UN says stop matching lone female Ukraine refugees with single men
UN warns the UK government to stop matching lone female Ukraine refugees with single men over fears they could be exploited
- Homes for Ukraine sponsorship scheme allows individuals, charities, businesses to bring people escaping the war to safety – even if they have no ties to the UK
- Anyone with a room or home available for at least six months can offer it up
- UNHCR called on UK government that a ‘more appropriate’ process is created
- Do YOU know a single man that has offered a refugee a home? Let me know: [email protected]
Ukrainian women and children should not be matched with single men amid concerns that they will be exploited, the UN refugee agency has warned.
The UNHCR has called on the UK government after seeing ‘increasing reports’ of female refugees feeling at risk from people who have sponsored them to come to the UK under the Homes for Ukraine matching scheme.
They warned that a ‘more appropriate’ process is required to protect vulnerable refugees from exploitation, adding that there needs to be adequate safeguards and vetting put in place.
Do YOU know a single man that has offered a refugee a home?
Let me know about your experience: [email protected]
The Homes for Ukraine sponsorship scheme allows individuals, charities, community groups and businesses to bring people escaping the war to safety – even if they have no ties to the UK.
Anyone with a room or home available for at least six months can offer it to a Ukrainian individual or a family, though those offering to host will be vetted and Ukrainian applicants will undergo security checks.
Last week councils sounded the alarm over a ‘concerning increase’ in Ukrainian refugees arriving in the UK and becoming homeless due to relationship breakdowns with their sponsors and problems accessing accommodation.
Dozens of matches under the Homes for Ukraine scheme are understood to have broken down, with local authorities having to put families in emergency accommodation while they wait to find a new sponsor.
Councils have been calling for a way to get refugees whose matches have not worked out back on the database so they can be matched quickly with sponsors in the local area who have homes ready and waiting.
A spokesman for the agency said: ‘UNHCR believes that a more appropriate matching process could be put in place by ensuring that women and women with children are matched with families or couples, rather than with single men.
Ukrainian women and children should not be matched with single men amid concerns that they will be exploited, the UNHCR has said, warning the government of many female refugees at risk (refugees pictured fleeing the war from Ukraine to neighbouring Poland, in Medyka)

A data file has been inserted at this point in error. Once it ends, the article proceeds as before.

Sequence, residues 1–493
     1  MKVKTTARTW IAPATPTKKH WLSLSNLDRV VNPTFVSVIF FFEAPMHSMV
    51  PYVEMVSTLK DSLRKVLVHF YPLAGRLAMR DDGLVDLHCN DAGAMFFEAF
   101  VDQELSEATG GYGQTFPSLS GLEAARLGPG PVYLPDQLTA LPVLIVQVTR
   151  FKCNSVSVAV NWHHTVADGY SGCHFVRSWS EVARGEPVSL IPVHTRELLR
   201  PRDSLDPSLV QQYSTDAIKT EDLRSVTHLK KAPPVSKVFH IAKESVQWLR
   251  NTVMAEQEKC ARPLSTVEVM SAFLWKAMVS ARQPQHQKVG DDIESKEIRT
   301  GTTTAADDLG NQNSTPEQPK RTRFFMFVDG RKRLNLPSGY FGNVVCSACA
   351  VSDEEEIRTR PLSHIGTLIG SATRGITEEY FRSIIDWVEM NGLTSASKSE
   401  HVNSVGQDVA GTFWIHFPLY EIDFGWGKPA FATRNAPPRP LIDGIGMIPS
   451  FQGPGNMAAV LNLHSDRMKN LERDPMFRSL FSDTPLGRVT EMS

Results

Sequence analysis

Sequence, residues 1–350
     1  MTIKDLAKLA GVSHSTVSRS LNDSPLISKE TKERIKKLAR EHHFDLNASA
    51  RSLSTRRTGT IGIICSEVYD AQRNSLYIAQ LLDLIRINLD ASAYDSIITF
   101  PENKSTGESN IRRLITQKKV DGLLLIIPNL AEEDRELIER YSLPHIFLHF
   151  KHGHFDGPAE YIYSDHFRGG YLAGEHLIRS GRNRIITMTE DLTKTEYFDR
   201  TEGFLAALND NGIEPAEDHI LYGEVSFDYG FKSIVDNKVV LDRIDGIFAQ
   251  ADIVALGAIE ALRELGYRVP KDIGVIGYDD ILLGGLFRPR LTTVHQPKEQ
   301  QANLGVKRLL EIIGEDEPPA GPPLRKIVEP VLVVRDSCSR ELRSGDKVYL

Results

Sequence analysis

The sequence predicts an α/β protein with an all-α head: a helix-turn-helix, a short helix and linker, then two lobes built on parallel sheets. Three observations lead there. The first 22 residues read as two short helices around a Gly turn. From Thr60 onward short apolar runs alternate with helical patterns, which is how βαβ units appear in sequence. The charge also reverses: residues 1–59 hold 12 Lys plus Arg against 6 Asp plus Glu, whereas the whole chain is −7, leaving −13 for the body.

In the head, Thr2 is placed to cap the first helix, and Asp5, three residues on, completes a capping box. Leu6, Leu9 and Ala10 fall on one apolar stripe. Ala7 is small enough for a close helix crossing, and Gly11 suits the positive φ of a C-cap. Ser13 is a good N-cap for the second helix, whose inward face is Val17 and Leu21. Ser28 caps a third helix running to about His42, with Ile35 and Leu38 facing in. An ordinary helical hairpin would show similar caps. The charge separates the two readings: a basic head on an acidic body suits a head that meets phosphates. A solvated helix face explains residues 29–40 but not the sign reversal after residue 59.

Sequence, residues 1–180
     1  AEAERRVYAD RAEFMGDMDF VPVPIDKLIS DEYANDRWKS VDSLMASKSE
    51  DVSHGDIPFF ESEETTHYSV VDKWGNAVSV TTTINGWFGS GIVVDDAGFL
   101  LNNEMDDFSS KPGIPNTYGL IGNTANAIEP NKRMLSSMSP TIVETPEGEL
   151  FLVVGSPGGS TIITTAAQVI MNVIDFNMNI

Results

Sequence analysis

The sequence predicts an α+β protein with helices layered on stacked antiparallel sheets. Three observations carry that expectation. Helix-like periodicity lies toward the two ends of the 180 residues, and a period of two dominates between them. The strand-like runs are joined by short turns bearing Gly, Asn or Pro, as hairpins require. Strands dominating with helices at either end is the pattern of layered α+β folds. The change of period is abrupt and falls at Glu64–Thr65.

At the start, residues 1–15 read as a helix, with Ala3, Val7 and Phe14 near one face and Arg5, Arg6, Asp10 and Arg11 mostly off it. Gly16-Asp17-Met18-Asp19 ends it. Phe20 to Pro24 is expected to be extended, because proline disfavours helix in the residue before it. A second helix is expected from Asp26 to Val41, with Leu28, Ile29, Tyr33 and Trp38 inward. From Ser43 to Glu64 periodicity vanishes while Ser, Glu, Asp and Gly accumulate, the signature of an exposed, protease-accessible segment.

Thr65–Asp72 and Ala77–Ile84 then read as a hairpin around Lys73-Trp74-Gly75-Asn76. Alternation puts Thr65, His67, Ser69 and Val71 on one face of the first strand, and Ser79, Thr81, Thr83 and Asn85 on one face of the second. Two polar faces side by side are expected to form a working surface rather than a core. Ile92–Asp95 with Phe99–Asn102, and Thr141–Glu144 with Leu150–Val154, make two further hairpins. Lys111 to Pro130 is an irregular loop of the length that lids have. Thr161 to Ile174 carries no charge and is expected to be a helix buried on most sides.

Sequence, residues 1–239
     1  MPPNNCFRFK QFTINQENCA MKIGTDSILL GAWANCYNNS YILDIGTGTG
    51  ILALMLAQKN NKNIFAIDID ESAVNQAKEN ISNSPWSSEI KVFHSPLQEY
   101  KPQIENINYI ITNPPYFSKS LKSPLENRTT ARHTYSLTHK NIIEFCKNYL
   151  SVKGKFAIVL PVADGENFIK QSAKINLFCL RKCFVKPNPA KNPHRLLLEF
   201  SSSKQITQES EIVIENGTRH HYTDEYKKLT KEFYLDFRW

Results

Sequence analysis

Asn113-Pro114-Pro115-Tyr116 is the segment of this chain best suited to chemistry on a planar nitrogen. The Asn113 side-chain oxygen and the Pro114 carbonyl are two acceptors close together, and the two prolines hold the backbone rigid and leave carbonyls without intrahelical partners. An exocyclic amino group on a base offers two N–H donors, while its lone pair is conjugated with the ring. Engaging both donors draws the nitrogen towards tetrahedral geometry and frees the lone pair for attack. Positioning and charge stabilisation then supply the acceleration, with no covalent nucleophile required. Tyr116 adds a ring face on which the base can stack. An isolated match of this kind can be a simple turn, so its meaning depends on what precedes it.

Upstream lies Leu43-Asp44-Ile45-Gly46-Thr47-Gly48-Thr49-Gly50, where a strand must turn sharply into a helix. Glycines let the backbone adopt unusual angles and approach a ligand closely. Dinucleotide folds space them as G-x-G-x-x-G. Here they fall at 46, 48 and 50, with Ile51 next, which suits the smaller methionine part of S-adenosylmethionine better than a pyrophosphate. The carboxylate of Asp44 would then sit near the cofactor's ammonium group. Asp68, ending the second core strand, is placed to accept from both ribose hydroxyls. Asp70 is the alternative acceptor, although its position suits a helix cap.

‘Matching done without the appropriate oversight may lead to increasing the risks women may face, in addition to the trauma of displacement, family separation and violence already experienced.’
Last week, a number of female refugees faced ‘sexual advances’ by their British hosts, councils have claimed.
In a Facebook group that helps match refugees up with sponsors, one woman shared a plea to help her find another home for a female refugee.
She wrote: ‘I have had a young lady message me about a host that she was going to but is now scared as he has been asking her personal questions so she wants to cancel her application but can’t find the link to do it.
‘She said she is scared as she now wants to find another sponsor.
‘She is young and this guy said he was a single man with a daughter but was asking her if she had a boyfriend and if she was ready for a relationship. This is worrying.’
Families who have arrived under the new visa scheme say they are still struggling to access cash while they wait for benefits and are having to be put up in hotels.
Dozens of matches under the separate Homes for Ukraine scheme are also understood to have broken down, with local authorities having to put families in emergency accommodation while they wait to find a new sponsor.
The British Red Cross said it has had to refer people to homelessness charities, local authorities and housing associations due to problems getting funds or accommodation. In some cases it has had to fund short-term accommodation itself as an emergency measure.
In one example, a mother and her five children were put up in a hotel by a council after arriving under the family visa scheme.
They are struggling to set up a bank account without proof of address, and without a bank account they cannot complete an application for universal credit.
They were advised to go to their local Department for Work and Pensions (DWP) office in person, but this is at least three miles away and would take nearly an hour to reach by foot as they do not have money for public transport.
Alex Fraser, British Red Cross director of refugee support and restoring family links, said: ‘We’re increasingly concerned about the access to information about support people are receiving when they arrive.
‘We’re seeing an increasing number of calls to our support line from Ukrainians struggling to get cash and housing, and British families desperate to help but being prevented by the system.’
Last month, the Government announced the launch of the Homes for Ukraine scheme which will pay families £350-a-month to take in those fleeing Russian brutality.
Within hours of the scheme launching, the website for registering interest had crashed and subsequently more than 200,000 people signed up to the programme.
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